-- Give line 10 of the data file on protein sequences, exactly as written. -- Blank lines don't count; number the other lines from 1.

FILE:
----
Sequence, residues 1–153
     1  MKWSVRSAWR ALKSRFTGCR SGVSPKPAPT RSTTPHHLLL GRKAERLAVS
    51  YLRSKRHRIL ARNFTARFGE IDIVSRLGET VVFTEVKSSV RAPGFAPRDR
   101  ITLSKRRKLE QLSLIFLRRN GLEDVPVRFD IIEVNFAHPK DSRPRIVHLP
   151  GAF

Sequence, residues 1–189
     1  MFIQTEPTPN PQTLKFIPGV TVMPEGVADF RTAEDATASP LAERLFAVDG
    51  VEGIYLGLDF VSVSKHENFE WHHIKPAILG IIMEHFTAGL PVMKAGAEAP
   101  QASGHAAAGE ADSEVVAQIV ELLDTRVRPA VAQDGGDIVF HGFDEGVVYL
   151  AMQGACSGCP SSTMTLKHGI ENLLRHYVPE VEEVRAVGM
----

   151  AMQGACSGCP SSTMTLKHGI ENLLRHYVPE VEEVRAVGM